Knot-tying training: Now’s the time

It’s a myth that fly-fishing is difficult, and I’m living proof of that. I catch plenty of fish, mostly trout, each year and have since I first wielded a fly rod about 30 years ago. Sure, most of the trout I tempt are probably what would be described as the “easy” ones, but I’ve picked up my share of tougher fish in high-pressure fishing spots as well.

Too, it’s not an expensive sport, or at least it doesn’t have to be. These days there are plenty of well-made rods for the budget conscious angler. Your reel needs to be little more than a line holder, you can forego the high-priced chest waders in favor of hip boots, and you’re pretty much ready to go.

For me, the real hurdle that kept me from getting into the fly-fishing game was my knot-tying abilities. I’ve always been clumsy working with small lines and hooks, and that was when I was young and well before I went half blind. A magnifier has helped as I’ve grown older, but even today I sometimes feel like I’m wearing boxing gloves when tying on a size 16 Adams. And a line-to-leader nail knot usually causes me to break out into a full sweat. I have similar problems at the tying table, although my whip finish is something to be admired, at least by me. Go figure.

That’s why I spend a fair amount of time on the couch during the winter with fly lines, leaders, tippets and flies in my hands, working on my knot tying to bring it to an acceptable level heading into the season. Trust me, you don’t want to be struggling with a Duncan Loop or other knot when there’s a 16-inch brown casually rising in front of you, well within casting distance. Nothing good can come from that. You either can’t get the knot tied or you settle for something less than ideal and the knot slips after you make a perfect cast and stick the trout. Trust me on that one, too.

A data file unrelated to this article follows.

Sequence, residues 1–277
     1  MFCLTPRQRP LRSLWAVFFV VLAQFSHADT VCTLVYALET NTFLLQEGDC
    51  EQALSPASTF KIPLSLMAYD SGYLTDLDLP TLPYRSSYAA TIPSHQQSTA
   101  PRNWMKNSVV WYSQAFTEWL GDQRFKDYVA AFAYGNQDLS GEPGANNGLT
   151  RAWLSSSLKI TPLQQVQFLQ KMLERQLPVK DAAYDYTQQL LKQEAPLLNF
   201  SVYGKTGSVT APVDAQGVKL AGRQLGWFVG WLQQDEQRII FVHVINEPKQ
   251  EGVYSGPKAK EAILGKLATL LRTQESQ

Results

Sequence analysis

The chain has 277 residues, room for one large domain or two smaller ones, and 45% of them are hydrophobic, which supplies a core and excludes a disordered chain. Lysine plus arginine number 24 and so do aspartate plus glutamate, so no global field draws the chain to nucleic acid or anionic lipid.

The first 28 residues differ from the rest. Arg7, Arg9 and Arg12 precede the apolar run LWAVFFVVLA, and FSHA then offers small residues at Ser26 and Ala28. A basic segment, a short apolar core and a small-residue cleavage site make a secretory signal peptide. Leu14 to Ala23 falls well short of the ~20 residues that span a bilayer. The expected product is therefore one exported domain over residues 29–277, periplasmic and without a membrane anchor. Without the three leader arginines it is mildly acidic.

You really don’t have to have a laundry list of knots in your arsenal. An arbor knot to link fly line to reel; a nail knot or blood knot for the line to leader connection; a surgeon’s loop (I’ve always handled that one for some reason) to the leader to tippet connection; and a couple options for tying the fly to the tippet, depending on what size fly you’re using.

One other piece of advice I’ll dole out is to get one of those knot-tying tools, the kind that looks like it would never help you but, with a little practice, becomes indispensable, particularly when you’re watching rising trout and need to tie on a new leader. Sure, some fly lines have loops for easy connections, but as you progress you’ll actually want to use a knot link, especially when you’re fishing tough trout.

There are countless websites online to assist you in your knot-tying efforts, and now is the time to up your game heading into another fishing season. Do it now and you won’t break a sweat and come unglued when you need to get a fly in front of a rising trout. Your knot won’t slip, either.

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